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Fiduciary Rule Remains a Controversial Topic Heading into 2024


On October 31, 2023, the Department of Labor (“DOL”) issued its proposed Retirement Security Rule (“Fiduciary Rule”), which looks to change who may be considered to be an “investment advice fiduciary” under ERISA.  The current definition of investment advice fiduciary was issued in 1975—a time when ERISA was just in its infancy and defined benefit plans dominated the industry.  Over the past 50 years, we’ve seen defined contribution plans grow in popularity among plan sponsors while defined benefit plans fall out of favor.   


Consistent with this trend, the DOL considers the 1975 regulation defining “investment advice fiduciary” out-of-date and not reflective of the average plan participant’s expectations when making decisions relating to their retirement investments.  For example, under the 1975 rule, advice provided on a one-time basis, such as rollover recommendations, would generally not be considered as fiduciary advice. But in the eyes of the DOL, “one-time advice is often the most important advice retirement investor will ever receive.” 


Under the DOL’s proposed Fiduciary Rule, a financial services provider would be an investment advice fiduciary if the following criteria exists:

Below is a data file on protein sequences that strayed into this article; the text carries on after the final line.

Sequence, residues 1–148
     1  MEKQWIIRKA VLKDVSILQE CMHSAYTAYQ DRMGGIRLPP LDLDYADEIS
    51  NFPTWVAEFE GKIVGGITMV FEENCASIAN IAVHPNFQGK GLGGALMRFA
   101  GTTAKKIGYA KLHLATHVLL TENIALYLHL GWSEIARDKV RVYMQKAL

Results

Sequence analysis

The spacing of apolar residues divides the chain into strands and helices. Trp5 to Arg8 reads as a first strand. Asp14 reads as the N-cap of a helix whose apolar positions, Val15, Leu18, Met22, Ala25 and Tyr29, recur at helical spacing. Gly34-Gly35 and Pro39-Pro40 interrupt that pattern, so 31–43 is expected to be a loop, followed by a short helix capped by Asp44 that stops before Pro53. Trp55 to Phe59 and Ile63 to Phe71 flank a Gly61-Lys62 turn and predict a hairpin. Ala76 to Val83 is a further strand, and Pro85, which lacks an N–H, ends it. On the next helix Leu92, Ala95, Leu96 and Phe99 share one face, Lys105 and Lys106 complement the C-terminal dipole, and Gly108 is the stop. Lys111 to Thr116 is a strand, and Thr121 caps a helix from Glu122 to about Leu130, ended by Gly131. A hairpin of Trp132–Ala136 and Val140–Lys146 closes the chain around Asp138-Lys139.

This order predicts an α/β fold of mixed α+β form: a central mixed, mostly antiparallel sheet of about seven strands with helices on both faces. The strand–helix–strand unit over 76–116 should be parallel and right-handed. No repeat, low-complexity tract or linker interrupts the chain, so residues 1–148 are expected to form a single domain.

• the providers provides investment advice or makes an investments recommendation to a retirement investor,

  • the advice or recommendation is provided for a fee or other compensation, and

  • the financial services providers makes the recommendation in the context of a professional relationship in which an investor would reasonably expect to receive sound investment recommendations that are in their best interest:

    • the provider has discretion over investment decisions for the retirement investor;

    • the provider makes investment recommendations to investors on a regular basis as part of their business, and the recommendation is provided under circumstances indicating that the recommendation is based on the particular needs or individual circumstances of the retirement investor and may be relied upon by the retirement investor as a basis for investment decisions that are in the retirement investor's best interest; or

    • the provider states that they are acting as a fiduciary when making investment recommendations.


In mid-December, the DOL held a hearing regarding its proposed Fiduciary Rule.  In addition, the DOL has received more than 20,000 public comments. Not surprisingly, the DOL’s proposed Fiduciary Rule received criticism from industry groups, which see the proposed Fiduciary Rule as over-reaching or unnecessary, compared with support from consumer advocates, which find that the investment advice fiduciary definition fails to reflect the current market and protect the average consumer.  Another sign that the DOL’s proposed Fiduciary Rule remains controversial and contentious comes from the American Securities Association’s decision to request that Congress identify DOL staff members involved in the DOL’s proposed Fiduciary Rule and consider recusing those members from further involvement. 


Now that the public comment period has ended, we’ll likely see a Final Rule issued by the DOL this year. We can further expect continued debates as to the merits of the rule as well as legal challenges to any final rule that is issued.

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